Late on Friday President Trump suspended tariffs on Mexican goods after the country promised to take what the US president called “strong measures” to stop migration at America’s southern border. This welcome news ends eight days of uncertainty since the levies were announced.
Mexico’s peso rebounded on Monday following the news, rising as much as 2.5% against the dollar, gaining back all the losses that had been made since the tariffs were first announced.
However weaker-than-expected US jobs growth in May has intensified the debate over whether the Federal Reserve needs to lower US interest rates to maintain growth. The US economy added just 75,000 jobs in May, a sharp fall from over 200,000 that were created in April.
While the unemployment rate held steady at 3.6%, the disappointing data will add to worries that the US economy may be slowing and losing some of its momentum.
All eyes will be on the US inflation data on Wednesday, which could provide justification for the Fed to begin cutting rates. According to futures prices the chance of a rate cut as soon as July now stands at 65%.
One person who would welcome a rate cut is Donald Trump who has been very critical of the Federal Reserve raising rates. In an interview to CNBC on Monday he said the Central Bank was being “very, very disruptive” by raising rates too fast and giving China an edge in trade negotiations as a result.
Back home, it’s a relatively quiet week for company results. On Thursday we’re due to hear from DS Smith - Britain’s biggest packaging maker and supplier to online giant Amazon.
In March, the FTSE 100 company agreed to sell its plastic division to private equity group Olympus Partners for over half a billion dollars. The company said that selling the unit would allow it to reduce its borrowing following its recent acquisition of Spanish rival Europac. It would also allow it to focus on its core fibre products as environmental concerns on plastics rise.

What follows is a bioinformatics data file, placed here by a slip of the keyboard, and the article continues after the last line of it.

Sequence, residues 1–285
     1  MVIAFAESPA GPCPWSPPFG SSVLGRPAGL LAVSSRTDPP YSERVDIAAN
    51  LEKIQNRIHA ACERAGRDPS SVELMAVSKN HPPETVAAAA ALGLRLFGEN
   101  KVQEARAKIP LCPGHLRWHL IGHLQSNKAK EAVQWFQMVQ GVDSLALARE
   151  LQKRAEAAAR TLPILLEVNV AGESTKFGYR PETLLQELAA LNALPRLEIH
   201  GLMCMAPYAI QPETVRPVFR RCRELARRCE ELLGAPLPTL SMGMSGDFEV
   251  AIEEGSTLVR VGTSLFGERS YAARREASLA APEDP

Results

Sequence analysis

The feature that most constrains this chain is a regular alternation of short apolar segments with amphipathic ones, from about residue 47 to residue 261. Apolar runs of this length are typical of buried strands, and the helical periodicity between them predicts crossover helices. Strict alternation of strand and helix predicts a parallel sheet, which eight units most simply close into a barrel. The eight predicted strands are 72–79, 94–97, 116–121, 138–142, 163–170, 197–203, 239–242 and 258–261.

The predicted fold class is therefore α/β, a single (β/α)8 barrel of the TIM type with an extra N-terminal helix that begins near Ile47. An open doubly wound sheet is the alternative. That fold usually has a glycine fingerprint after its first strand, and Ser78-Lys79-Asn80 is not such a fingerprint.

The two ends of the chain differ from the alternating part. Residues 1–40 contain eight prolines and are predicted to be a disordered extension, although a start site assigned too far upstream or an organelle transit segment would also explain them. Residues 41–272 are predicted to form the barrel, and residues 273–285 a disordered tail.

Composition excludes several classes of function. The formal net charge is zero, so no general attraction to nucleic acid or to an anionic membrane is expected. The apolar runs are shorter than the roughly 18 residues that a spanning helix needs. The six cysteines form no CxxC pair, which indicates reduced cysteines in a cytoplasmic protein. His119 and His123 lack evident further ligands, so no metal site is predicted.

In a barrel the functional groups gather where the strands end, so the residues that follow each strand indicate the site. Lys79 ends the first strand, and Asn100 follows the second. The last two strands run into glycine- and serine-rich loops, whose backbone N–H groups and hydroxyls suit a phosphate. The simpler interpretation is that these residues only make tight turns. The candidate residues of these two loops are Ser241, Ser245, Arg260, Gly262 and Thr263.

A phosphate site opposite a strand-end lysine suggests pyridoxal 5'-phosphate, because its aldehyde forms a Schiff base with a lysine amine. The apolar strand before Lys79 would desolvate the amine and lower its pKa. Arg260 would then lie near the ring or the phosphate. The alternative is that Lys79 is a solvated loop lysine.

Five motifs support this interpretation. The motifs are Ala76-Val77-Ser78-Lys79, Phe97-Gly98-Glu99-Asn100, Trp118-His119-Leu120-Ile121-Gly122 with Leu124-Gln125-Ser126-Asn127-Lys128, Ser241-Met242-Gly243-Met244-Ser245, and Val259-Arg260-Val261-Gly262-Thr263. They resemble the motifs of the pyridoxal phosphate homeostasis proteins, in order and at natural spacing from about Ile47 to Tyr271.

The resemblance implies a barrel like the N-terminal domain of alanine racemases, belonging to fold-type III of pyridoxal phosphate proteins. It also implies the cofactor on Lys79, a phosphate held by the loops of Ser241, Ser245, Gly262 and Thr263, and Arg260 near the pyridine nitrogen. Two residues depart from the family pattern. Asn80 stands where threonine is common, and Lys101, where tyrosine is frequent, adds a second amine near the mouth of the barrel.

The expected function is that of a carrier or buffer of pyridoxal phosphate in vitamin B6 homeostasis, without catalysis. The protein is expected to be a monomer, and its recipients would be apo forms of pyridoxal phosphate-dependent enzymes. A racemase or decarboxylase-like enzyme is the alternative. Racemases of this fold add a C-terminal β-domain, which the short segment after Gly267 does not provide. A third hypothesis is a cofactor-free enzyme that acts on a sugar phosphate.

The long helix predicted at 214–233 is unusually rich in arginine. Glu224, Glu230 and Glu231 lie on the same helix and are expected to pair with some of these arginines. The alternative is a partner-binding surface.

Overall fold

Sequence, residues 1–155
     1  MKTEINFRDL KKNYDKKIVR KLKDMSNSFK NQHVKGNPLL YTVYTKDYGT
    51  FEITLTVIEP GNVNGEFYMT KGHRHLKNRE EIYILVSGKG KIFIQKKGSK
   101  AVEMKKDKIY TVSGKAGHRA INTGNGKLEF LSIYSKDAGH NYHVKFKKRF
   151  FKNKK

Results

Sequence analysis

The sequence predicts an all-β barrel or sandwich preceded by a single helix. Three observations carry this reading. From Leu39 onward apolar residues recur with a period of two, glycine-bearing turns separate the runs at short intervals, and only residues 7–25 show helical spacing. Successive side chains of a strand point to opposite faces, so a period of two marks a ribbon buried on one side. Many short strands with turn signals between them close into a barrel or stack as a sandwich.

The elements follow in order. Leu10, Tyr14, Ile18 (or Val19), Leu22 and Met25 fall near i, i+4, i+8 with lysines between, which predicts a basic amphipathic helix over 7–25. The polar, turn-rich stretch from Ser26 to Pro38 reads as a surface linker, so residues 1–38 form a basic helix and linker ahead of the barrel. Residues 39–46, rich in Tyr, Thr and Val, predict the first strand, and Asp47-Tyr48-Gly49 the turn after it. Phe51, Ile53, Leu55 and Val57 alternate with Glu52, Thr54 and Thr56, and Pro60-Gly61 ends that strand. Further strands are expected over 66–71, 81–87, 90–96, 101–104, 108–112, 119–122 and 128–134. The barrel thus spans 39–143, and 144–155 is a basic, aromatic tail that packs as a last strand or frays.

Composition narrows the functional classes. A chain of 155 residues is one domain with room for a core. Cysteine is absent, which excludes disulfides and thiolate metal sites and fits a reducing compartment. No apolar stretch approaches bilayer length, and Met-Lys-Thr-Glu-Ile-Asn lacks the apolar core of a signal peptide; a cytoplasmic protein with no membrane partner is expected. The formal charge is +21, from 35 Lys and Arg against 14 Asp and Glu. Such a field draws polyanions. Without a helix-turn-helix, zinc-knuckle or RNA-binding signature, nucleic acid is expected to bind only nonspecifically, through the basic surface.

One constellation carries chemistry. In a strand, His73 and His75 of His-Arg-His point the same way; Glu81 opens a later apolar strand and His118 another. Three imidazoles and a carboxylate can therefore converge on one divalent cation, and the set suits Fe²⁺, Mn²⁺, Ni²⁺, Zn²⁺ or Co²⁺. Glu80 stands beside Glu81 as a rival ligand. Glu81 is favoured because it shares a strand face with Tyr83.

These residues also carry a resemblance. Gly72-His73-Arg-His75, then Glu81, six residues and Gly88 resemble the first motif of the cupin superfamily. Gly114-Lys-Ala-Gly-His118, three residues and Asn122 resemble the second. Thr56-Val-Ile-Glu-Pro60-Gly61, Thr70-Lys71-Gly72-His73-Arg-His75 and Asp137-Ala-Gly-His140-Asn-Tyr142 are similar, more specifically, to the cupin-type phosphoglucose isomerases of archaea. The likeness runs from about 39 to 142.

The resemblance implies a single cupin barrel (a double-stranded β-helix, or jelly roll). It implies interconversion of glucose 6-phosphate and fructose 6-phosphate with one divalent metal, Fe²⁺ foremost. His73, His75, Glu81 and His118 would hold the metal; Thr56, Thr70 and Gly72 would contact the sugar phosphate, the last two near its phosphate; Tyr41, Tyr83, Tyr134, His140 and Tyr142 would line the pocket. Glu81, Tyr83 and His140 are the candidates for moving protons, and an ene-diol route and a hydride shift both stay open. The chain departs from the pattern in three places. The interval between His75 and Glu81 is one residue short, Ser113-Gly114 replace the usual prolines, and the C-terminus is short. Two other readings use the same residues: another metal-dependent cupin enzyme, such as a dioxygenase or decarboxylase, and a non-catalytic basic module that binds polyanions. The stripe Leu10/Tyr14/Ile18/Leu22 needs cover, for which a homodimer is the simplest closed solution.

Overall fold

DS Smith warned last year that its expansion plans in the UK had been “heavily scaled back” due to the uncertainty surrounding Brexit. However, it recently said it expected margins to improve further in the second half, and it should meet market expectations.
Also on Thursday we can expect an announcement from PZ Cussons, maker of consumer products such as Imperial Leather soap. In January the company downgraded its profit expectations, driven by weakness in Nigeria, which included disruption at the country’s ports.
Finally, with the summer holidays fast approaching, troubled tour operator Thomas Cook has received a takeover approach for its tour business from China’s Fosun. Yesterday shares in Thomas Cook closed up 17% on the news. The company has been struggling with rising fuel prices, Brexit uncertainty and a weak pound making holidays abroad more expensive. It has issued three profit warnings this year and is struggling to reduce its debts. Fosun is already Thomas Cook’s largest shareholder and also owns the Club Med holiday business as well as Wolverhampton Wanderers football club.
However unions have warned the break up puts 21,000 jobs at risk. Manuel Cortes, general secretary of the TSSA union, warned both the tour operator and its potential Chinese buyer that the union would fight very hard against any new job cuts.